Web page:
Samuel M. Frost has gained the recognition of his family, peers, colleagues, church members, and local community as a teacher and leader.  Samuel was raised in the Foursquare Gospel tradition and continued in the rising Charismatic Movement of the early 1980’s.  While serving in local congregations he was admitted to Liberty Christian College in Pensacola, Florida where he lived on campus for four years earning his Bachelor’s of Theology degree.  It was there under the tutelage of Dr. Dow Robinson (Summer Institutes of Linguistics), and Dr. Frank Longino (Dallas Theological Seminary) that he was motivated to pursue a career in Theology.  Dr. Robinson wrote two books on Linguistics, Workbook on Phonological Analysis (SIL, 1970) and Manuel for Bilingual Dictionaries: Textbook (SIL, 1969).  It was under these teachers’ guidance that Frost entered into his Master’s studies, being granted a scholarship for Greek I and II at Pentecostal Theological Seminary, accredited, in Cleveland, Tennessee (adjunct of Lee University).  Frost completed his study under Dr. French Arrington (The Ministry of Reconciliation, Baker Books, 1980), who used the text of J. Gresham Machen, New Testament Greek for Beginners. Frost studied Hebrew for two years under Dr. Mark Futato (author, Beginning Biblical Hebrew, Eisenbrauns, 2003) and Dr. Bruce K. Waltke (author, An Introduction to Biblical Hebrew Syntax, Eisenbrauns, 1990) at Reformed Theological Seminary, Orlando, Florida. With combined credits from PTS and RTS, Samuel completed his Master of Arts in Christian Studies and Master of Arts in Religion from Whitefield Theological Seminary in Lakeland, Florida under the direct tutelage of Dr. Kenneth G. Talbot, co-author of the well reviewed work, Hyper-Calvinism and Arminianism (Whitefield Media, 2005) with Dr. Gary Crampton (and Foreword by the late, Dr. D. James Kennedy).  Dr. Talbot also oversaw Samuel’s Dissertation, From the First Adam to the Second and Last Adam (2012) earning him the Magister Theologiae (Th.M.) degree.  He also helped put together A Student’s Hebrew Primer for WTS, designed and graded exams for their Hebrew Languages course. Samuel’s studies lead him into an issue in the field of Eschatology where his scholarship and unique approach in Hermeneutics garnered him recognition.  Because of the controversial nature of some of his conclusions, scholars were sharp in their disagreement with him.  Frost’s initial work, Misplaced Hope: The Origins of First and Second Century Eschatology (2002, Second Edition, 2006 Bi-Millennial Publishing), sold over four thousand units.  While arguing for the Reformation understanding of sola Scriptura as defined by the Westminster Confession of Faith, Frost’s book launched a heavily footnoted argument for a total reassessment of the doctrine known as the Second Coming of Christ.  The conclusion was that the events of the war of the Jewish nation against their Roman overlords in 66-70 C.E. formed the New Testament authors’ eschatological outlook, and went no further than their own first century generation; a view otherwise known as “full” or "hyper" Preterism.  Internationally recognized Evangelical author and speaker, Steve Wohlberg remarked, ‘On the “preterist” side today…we have such influential leaders as Gary DeMar, Kenneth L. Gentry, Jr., David Chilton, R.C. Sproul, Max King, James Stuart Russell, Samuel M. Frost, and John Noe.  To these scholars…the beast is not on the horizon, he’s dead” (Italics, his)” (End Time Delusions, Destiny Image Publishers, 2004, page 133).  It should be noted that only Noe, King and Frost supported the “full” Preterist position. Thomas Ice and co-author of the best selling Left Behind series, Tim LaHaye, quote Frost’s work, Misplaced Hope, as well in their book, The End Times Controversy: The Second Coming under Attack (Harvest House Publishers, 2003, page 40).  Dr. Jay E. Adams, who single handedly launched “a revolution” in Christian Counseling with his work, Competent to Counsel: An Introduction to Nouthetic Counseling, (1970, Zondervan), also wrote an analysis of Frost’s work in Preterism: Orthodox or Unorthodox? (Ministry Monographs for Modern Times, INS Publishing, 2004).  Adams wrote of Misplaced Hope as a "useful, scholarly work" (p.6 - though he disagreed with the overall thesis).  Dr. Charles E. Hill, Professor of New Testament and Early Christianity at Reformed Theological Seminary, Orlando, wrote of Misplaced Hope that Frost, “attacks the problem of the early church in a much more thoroughgoing way than I have seen” (When Shall These Things Be? A Reformed Response to Hyper Preterism, Ed. Keith Mathison, Presbyterian & Reformed Publishing, 2003, ‘Eschatology in the Wake of Jerusalem’s Fall’ p. 110-ff.).  There were several other works as well that took the scholarship of Frost seriously, like Ergun Caner in The Return of Christ: A Premillennial Perspective, Eds., Steve W. Lemke and David L. Allen (B&H Publishing, 2011). Because of the controversial nature of Frost’s conclusions on these matters, it was difficult to find a denomination within the Church-at-Large to work in terms of pastoral ministry.  That situation changed when Samuel was called by a Bible study group in Saint Petersburg, Florida to found a congregation.  Christ Covenant Church was established in 2002 operating under the principles outlined by Presbyterian historian James Bannerman’s work, The Church of Christ: A Treatise on the Nature, Powers, Ordinances, Discipline, and Government of the Christian Church (Banner of Truth Trust, 1974, original, 1869).  By-Laws and a Constitution were drawn up in the strictest manner for what was considered an “Independent” establishment of a Presbyterian Church, granted that a “call” was received and recognized by Presiding Elders duly ordained from existing and recognized denominations.  Two Elders, one ordained in the Reformed Presbyterian Church (Mike Delores), and another ordained in the Presbyterian Church of America (Dr. Kelly N. Birks, now deceased) tested and reviewed the call, ordaining Samuel on October 20th, 2002, the Twenty Second Sunday after Trinity.  Proper forms were submitted to Tallahassee, Florida with the stamp of a Notary Public Witness.  Christ Covenant Church (CCC) functioned as a local church for five years with a congregation as large as 30 members.  Frost was gaining recognition after Misplaced Hope had been published in January of that year, and conferences were hosted that included debates with another prominent "full" Preterist educator, Don K. Preston.  CCC hosted best-selling authors, Thomas Ice, and Mark Hitchcock from Dallas Theological Seminary; and Dr. James B. Jordan (Westminster Theological Seminary), well-known author/pastor in Reformed theological circles.  Frost was invited for the next several years to speak at over 25 conferences nation-wide, was featured in articles and an appearance on local news in Tampa for one of CCC’s conferences.  The Evangelical Theological Society also invited Samuel to speak at the Philadelphia conference (Frost is currently a Member of ETS as well as Society of Biblical Literature). During this time Samuel had submitted one more book, Exegetical Essays on the Resurrection of the Dead (TruthVoice, 2008; repr. JaDon Publishing, 2010); and co-wrote, House Divided: A Reformed Response to When Shall These Things Be? (Vision International, 2010).  Frost also wrote several Forewords for up and coming authors who were influenced by his teaching materials, as well as cited many times in books, lectures and academic papers.  However, because of certain aspects of Hermeneutics and Frost’s undaunted commitment to scholarship (with always a strong emphasis on the personal nature of devotional living to Christ), several challenges to the "hyper" Preterist view he espoused finally gave way, largely due to the unwavering commitment to Samuel by the Dean of Whitefield Theological Seminary, Dr. Kenneth G. Talbot, who continually challenged him.  In what shocked the "hyper" Preterist world, Samuel announced after the Summer of 2010 that he was in serious error, and departed the movement as a whole, along with Jason Bradfield, now Assistant Pastor of Christ Presbyterian Church, Lakeland, Florida .  Christ Covenant Church had dissolved after 2007 while Samuel continued as a public speaker and writer, largely due to reasons that would unravel Frost’s commitment to "hyper" Preterism as a whole. The documentation of Frost’s departure was published by American Vision’s Founder, Gary DeMar, with a Foreword by Dr. Kenneth L. Gentry.  Why I Left Full Preterism (AV Publishing, 2012) quickly ran through its first run.  The book was later republished under the arm of Dr. Kenneth L. Gentry and is sold today (GoodBirth Ministries Publishing, 2019; though still available in Kindle form from American Vision).  Dr. Gentry also gave mention to Frost in his book, Have We Missed the Second Coming: A Critique of Hyper Preterism (Victorious Hope Publishing, 2016), noting him as "one of the most prominent" teachers within Full Preterism (135).  Dr. Keith Mathison, Professor of Systematic Theology at Reformation Bible College in Sanford, Florida, endorsed the book as well.  Samuel has gone on to write, Daniel: Unplugged (McGahan Publishing House, 2021); The Parousia of the Son of Man (Lulu Publishing, 2019); God: As Bill Wilson Understood Him, A Theological Analysis of Alcoholics Anonymous (Lulu Publishing, 2017).  He is also active as a certified Chaplain with the Henry County Sheriff’s Department, Indiana, and enrolled with ICAADA (Indiana Counselor’s Association on Alcohol and Drug Abuse), and worked directly under Dr. Dennis Greene, Founder of Christian Counseling and Addictions Services, Inc., for a year.  Frost’s passion is in the education of the local church on various issues and occasionally works with Pastor Alan McCraine with the First Presbyterian Church in Lewisville, Indiana, and Bethel Presbyterian Church, Knightstown, Indiana, where he periodically is called upon to give the sermon. Samuel, with his wife, Kimberly, helped to establish Heaven’s Bread Basket food pantry that donates food items to local families in need once a month – a ministry of the Session of First Presbyterian Church, Lewisville, Indiana. Samuel also works part time at Ace Hardware in New Castle, Indiana for several years.  He has a solid, family reputation in the community, and has performed local marriages and funerals.  He also sits on the Board of the Historical Preservation Committee in New Castle. Recently, he has completed his two year quest for a Th.D from Christian Life School of Theology Global, Georgia.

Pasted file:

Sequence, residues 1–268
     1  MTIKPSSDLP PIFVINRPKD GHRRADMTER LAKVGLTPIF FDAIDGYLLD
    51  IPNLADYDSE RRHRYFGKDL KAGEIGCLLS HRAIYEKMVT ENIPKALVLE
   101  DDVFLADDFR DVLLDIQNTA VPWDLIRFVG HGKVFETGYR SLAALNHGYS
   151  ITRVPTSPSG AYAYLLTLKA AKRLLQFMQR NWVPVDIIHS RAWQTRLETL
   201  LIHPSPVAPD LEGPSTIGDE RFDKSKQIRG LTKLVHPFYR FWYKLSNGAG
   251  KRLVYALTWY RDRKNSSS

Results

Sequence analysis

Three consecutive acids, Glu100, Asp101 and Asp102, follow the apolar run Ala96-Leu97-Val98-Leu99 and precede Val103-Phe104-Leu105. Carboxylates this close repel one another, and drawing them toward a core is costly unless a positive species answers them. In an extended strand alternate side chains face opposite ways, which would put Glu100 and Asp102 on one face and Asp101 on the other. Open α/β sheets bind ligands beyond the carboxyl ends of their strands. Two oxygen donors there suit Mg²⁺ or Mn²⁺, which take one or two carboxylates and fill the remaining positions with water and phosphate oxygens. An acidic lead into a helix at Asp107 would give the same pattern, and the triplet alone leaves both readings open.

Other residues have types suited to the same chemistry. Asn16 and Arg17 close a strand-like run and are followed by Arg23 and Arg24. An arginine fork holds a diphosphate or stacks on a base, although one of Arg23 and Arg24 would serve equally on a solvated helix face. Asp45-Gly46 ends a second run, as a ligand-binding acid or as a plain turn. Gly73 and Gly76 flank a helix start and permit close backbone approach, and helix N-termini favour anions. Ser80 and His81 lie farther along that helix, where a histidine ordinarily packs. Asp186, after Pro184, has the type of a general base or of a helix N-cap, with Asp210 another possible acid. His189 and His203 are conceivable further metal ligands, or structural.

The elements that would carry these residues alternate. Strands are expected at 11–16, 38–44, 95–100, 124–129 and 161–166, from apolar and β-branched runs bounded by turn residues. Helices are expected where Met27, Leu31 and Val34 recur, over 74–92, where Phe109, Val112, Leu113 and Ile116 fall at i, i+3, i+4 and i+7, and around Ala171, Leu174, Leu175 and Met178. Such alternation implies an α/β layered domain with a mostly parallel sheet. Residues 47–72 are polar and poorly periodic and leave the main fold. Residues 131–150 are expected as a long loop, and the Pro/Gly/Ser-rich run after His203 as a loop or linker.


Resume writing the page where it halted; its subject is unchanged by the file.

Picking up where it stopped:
One thought on “Response to Preston Part 5; It’s Gettin’ Better!”

  1. “All those who have been given to me I shall raise up at the last day.” Yes, Christ is still receiving those who have been given to him. Souls that will be saved are still being born. Christ’s loving arms are not filled yet. PTL there’s still time to come in!

    Liked by 1 person